If you have found this blog, saying Welcome does not really seem appropriate. I know you wish you weren't surfing the internet for diabetes. I felt the same.

A big part of me wishes I were not writing about diabetes, nor did I anticipate to become so opinionated or informed on the subject, but it happened. In 2010, my son was diagnosed with Type 1 Diabetes.

It wasn't really part of the plan… Correction - it was not part of the plan, but it happened. It is not always easy, but I think we are all doing okay, and I hope we continue to do so.

Why the Middle East? I happen to live in Dubai. I don't think that living in the Middle East makes mine or my son's diabetic experience any more unique or challenging than it does elsewhere in the developed world.

I hope you stick around, or read something you like. Feel free to comment and join the conversation, subscribe or follow this blog by liking the Facebook page Diapoint.

Please note: This blog does not give medical advice. I am opinionated, and I share my experiences, but the first rule of diabetes is to follow up with your doctor and/or nurse educator about your care, diagnosis or medication. If you do not have a medical practitioner that is helping you find your way through this crazy world, then do not give up until you find the right one.

Saturday, September 13, 2014

Can't - The 4-Letter Word

I just wrote a post for my other blog, Life in the Middle East, about over scheduling children in too many activities. It is easy to do here in Dubai because there are a lot of great classes and activities out there to choose from.

I can always write about a subject I have an opinion for, but what I found difficult in this post was the separation of diabetes in the context of exposing a child to trying "too much".

Once when my son was three, he told me he "can't" do something.  I do not even remember exactly what it was he couldn't do, but all of my hair stood up on end. I basically explained to him that this is not a word we use.  
And it wasn't just one of those "we don't use that word" sentences and be done with it. My point had a very long life. I'm not sure if he got it at that time, and in all fairness to him he was just being a whiny three year old that day, as you do. But "can't"?! It is a 4-letter word. We don't "can't". We "try".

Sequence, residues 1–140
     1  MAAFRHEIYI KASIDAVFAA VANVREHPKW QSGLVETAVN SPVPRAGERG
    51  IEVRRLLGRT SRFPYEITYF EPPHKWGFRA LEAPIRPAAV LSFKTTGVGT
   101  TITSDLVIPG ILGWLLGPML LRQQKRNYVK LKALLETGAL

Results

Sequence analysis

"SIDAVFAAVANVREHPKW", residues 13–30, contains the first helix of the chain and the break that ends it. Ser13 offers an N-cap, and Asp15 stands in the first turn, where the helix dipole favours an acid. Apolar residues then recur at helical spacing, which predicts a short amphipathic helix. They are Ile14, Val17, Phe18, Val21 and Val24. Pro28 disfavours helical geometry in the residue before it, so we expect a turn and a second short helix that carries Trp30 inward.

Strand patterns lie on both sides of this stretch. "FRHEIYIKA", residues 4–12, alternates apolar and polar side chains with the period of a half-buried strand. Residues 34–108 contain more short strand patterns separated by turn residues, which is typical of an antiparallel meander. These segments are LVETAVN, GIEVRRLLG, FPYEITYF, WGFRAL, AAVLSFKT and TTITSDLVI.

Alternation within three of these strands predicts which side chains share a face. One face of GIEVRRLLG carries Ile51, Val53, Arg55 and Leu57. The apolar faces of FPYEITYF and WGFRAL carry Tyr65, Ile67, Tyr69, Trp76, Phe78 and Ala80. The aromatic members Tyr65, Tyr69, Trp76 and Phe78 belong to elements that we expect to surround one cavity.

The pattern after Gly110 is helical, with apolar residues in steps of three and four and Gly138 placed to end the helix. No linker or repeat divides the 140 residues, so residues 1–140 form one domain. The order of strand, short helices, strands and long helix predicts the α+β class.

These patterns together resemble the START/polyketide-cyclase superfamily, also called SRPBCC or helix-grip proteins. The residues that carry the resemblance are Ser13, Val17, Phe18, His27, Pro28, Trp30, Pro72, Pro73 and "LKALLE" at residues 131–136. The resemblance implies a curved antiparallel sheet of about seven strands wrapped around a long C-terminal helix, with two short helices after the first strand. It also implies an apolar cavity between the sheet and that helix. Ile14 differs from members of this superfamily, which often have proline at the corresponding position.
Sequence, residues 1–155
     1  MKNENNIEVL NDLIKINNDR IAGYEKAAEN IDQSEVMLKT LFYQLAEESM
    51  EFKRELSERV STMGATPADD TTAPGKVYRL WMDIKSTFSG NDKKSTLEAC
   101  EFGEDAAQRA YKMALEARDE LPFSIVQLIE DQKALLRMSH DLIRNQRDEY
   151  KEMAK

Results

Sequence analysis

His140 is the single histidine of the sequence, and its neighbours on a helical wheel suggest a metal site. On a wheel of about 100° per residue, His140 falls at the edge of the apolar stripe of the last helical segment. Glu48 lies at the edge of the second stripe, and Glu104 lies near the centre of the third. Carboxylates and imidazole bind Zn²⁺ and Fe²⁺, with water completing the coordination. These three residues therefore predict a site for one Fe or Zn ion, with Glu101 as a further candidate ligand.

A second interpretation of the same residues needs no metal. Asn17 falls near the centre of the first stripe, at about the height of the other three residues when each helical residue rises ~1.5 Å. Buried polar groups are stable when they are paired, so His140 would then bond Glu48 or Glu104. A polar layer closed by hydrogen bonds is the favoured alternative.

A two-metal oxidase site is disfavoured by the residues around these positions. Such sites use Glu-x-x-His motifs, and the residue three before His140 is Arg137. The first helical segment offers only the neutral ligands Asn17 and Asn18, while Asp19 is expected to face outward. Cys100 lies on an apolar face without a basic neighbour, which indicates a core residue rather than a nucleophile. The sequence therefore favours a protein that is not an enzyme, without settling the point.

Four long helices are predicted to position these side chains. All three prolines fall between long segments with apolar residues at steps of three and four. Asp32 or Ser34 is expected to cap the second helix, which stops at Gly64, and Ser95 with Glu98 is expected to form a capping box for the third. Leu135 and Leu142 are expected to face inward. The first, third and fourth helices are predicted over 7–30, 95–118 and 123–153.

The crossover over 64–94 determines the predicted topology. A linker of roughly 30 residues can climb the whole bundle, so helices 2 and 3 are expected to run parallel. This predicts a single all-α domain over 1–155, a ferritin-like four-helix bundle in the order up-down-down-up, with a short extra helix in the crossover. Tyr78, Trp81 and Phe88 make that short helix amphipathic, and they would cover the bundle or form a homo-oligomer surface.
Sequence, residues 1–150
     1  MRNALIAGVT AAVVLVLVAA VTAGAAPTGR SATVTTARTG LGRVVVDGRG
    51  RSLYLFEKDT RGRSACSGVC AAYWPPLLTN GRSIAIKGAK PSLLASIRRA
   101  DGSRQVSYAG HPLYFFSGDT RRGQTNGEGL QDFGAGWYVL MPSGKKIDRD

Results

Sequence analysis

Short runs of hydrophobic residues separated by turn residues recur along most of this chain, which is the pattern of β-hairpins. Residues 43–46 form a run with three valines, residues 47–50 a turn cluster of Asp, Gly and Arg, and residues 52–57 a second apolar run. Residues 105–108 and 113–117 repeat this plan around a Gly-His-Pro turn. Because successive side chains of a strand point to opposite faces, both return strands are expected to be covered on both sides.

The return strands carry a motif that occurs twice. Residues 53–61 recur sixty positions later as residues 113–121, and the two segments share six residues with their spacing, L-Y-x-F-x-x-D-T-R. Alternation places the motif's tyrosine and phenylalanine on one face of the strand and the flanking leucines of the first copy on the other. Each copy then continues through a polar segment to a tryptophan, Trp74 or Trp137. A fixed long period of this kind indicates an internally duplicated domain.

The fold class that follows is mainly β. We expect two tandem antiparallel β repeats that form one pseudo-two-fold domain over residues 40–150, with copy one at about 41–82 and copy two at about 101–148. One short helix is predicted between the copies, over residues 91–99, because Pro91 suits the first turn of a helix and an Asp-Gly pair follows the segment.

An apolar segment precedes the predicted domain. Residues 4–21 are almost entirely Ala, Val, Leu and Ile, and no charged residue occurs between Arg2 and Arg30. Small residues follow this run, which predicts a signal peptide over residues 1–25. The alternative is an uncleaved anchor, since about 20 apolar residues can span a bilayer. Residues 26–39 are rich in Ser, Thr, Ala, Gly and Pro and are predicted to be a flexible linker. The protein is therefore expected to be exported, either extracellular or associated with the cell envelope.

I emphasized the word so much at another time when he was frustrated putting together the cute little car track he had, from that day on, those tracks were fondly known as "tries".

I'm not a pushy parent that has visions of my child being a concert pianist, World Cup football hero, olympic swimmer or otherwise. I am not a perfectionist. What I do strive for is a child that is healthy and happy and overcomes his diabetes daily to live a normal, full and healthy life. If he becomes a super hero along the way, so be it.

My biggest fear would be if he somehow found diabetes as an excuse to stop trying.  We do not create an environment for that to happen, or refer to diabetes as a crutch.  And it is not.  There is no reason why diabetes should stop someone from trying a new activity or following their dreams.  I know this is a concern a lot of parents have when their child is newly diagnosed.  What about the future?  Will my child be normal?    

There could be times when an activity may seem tricky due to diabetes.  A discussion on scuba diving once got me thinking about it. Careful discussion and planning with your educated doctor (i.e. endocrinologist) is what you should do before you just decide, "I can't".

Do your research and find other diabetics that "can" and "did".  There is a lot to learn from their experiences. 

While Wikipedia is not always considered the best source of truth, here is a list of a few Type 1 Diabetics who didn't say "I can't" to get you started.